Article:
One Southern monument that has not come under fire of late stands in front of the North Carolina Capitol. It is a bronze equestrian pose of Gen. Andrew Jackson, the president from 1829 to 1837, with a plaque that reads: “He Revitalized American Democracy.”
That’s the usual view of the man. Somehow, we just know that Old Hickory made America a more egalitarian place than what the stuffy, bewigged Founders had designed in 1787.
I don’t think the North Carolina statue should be removed. But I do think the plaque should be changed. For Jackson was the founder not of American democracy, but rather of a certain kind of American nationalism, one that still clouds our democratic horizons.
Let’s be clear, though: Jackson earned the love that most white Americans felt for him by the 1820s. That’s because he saved them from a long, harrowing struggle against the British. Although the empire officially recognized the United States in 1783, it wanted and expected the new country to fail. The British excluded American produce from many markets, dumped low-price goods in Eastern seaports, and organized a counter-revolutionary state in what is now Ontario. Above all, they had a loose alliance with the Indian nations and enslaved blacks who kept white families up at night, fearing for their lives. During the War of 1812, these “internal enemies” sometimes sided with the empire in a final effort to crush the republic.
A veteran of extreme violence in the Carolinas and Tennessee, Jackson hated the British and their “savage” friends as much as anyone. Maybe more. “Your government has at last yielded to the impulse of the nation,” he told his volunteers at the start of the war. “The hour of national vengeance is at hand.” In 1814 his men slaughtered Creek rebels; in 1815 he saved New Orleans from British invasion; in 1818 he attacked runaway slaves and Seminole towns in Florida. Each time he displayed a reckless, almost suicidal courage.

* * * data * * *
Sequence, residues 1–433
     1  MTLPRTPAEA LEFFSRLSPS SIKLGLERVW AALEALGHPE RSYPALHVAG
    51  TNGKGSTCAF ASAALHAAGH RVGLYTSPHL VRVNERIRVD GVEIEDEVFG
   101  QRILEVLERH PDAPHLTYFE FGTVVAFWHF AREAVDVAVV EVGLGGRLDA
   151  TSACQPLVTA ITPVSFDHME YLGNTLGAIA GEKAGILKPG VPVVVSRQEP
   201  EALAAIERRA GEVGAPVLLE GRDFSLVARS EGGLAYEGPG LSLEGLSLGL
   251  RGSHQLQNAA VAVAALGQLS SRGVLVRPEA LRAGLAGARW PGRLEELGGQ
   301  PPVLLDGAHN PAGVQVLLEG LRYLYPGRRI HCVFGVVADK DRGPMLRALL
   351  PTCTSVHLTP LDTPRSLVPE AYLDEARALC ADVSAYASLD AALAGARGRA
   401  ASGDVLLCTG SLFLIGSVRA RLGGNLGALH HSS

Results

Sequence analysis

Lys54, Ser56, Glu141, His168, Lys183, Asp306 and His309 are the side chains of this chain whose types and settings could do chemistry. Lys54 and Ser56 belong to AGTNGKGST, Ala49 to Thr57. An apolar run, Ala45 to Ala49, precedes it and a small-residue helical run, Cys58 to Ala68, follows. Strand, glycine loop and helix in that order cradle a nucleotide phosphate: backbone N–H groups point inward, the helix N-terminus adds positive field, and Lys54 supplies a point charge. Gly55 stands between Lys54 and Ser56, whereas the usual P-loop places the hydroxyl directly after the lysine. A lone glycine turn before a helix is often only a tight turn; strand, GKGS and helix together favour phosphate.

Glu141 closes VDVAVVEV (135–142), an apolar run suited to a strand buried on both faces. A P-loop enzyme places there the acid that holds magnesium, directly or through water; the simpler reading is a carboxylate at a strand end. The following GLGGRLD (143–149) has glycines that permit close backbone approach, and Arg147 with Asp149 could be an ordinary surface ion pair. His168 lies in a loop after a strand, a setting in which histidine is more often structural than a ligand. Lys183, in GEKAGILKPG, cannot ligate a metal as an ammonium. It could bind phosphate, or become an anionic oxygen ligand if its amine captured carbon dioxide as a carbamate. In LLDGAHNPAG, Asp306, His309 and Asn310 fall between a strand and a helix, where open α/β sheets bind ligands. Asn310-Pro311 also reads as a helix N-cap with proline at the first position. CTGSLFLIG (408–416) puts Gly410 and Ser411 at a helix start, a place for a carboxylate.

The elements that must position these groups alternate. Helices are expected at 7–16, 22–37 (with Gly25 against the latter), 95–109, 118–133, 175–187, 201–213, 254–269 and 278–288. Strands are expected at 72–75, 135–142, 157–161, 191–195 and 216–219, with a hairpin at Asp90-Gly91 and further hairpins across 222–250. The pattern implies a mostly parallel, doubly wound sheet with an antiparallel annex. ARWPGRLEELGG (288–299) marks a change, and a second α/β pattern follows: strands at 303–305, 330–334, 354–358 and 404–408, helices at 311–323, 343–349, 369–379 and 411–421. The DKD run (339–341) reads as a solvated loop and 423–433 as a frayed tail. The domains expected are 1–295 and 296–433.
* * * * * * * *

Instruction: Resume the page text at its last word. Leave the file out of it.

When Jackson spoke of the “nation,” he meant every white family who felt as he did, not every person living in the United States. The Jacksonian nation was not just all-white, but anti-black and anti-native. No wonder that his main priority as president was the deportation of some 70,000 native peoples out of their Southeastern homelands, and that the only big change in voting rights during his two terms was the “loss of those rights by free black men. As for white men, they already had the franchise; Jackson didn’t give it to them.
Old Hickory’s fans also argue that he empowered ordinary folk by opening new lands and confronting the Bank of the United States. He certainly believed in their “sovereign” right to avenge themselves against their enemies and to seek fortunes around the world. For that very reason, though, Jackson didn’t think the people could regulate private interests for the common good. Indeed, his version of a republic didn’t have much of a public at all, except in wartime.
A hard-line judge and free-wheeling businessman as well as a soldier and statesman, he vehemently opposed local resistance to debt collection and scaled back national plans for infrastructure, education and domestic markets. Partly as a result, Jackson-era frontiers were not strongholds for self-sufficient farming, but rather for slave-grown cotton, whose frenzied exports to Britain made the United States more dependent on the old mother country, not less so. And when the bust came as he left office in 1837, neither he nor the Democratic Party he had created showed much mercy for those holding the bag.
Put simply, Jacksonian nationalism mostly came out of race war and epic violence. It had little to do with the peaceful development of society, nor with the kinds of economic fairness that most Americans wanted, if given the choice.
Who, then, founded American democracy, if not Jackson? The answer, I think, is no one. Democracy is a struggle rather than an achievement, a process rather than an institution. It happens when people agree to be less cruel to each other, to accept their common needs along with their diverse backgrounds. It is more complicated, difficult and fragile than any statue can convey. It is the shared challenge of all Americans.
By J.M. Opal
J.M. Opal is an associate professor of history at McGill University in Montreal. He wrote this for the Philadelphia Inquirer. -- Ed.
(Tribune Content Agency)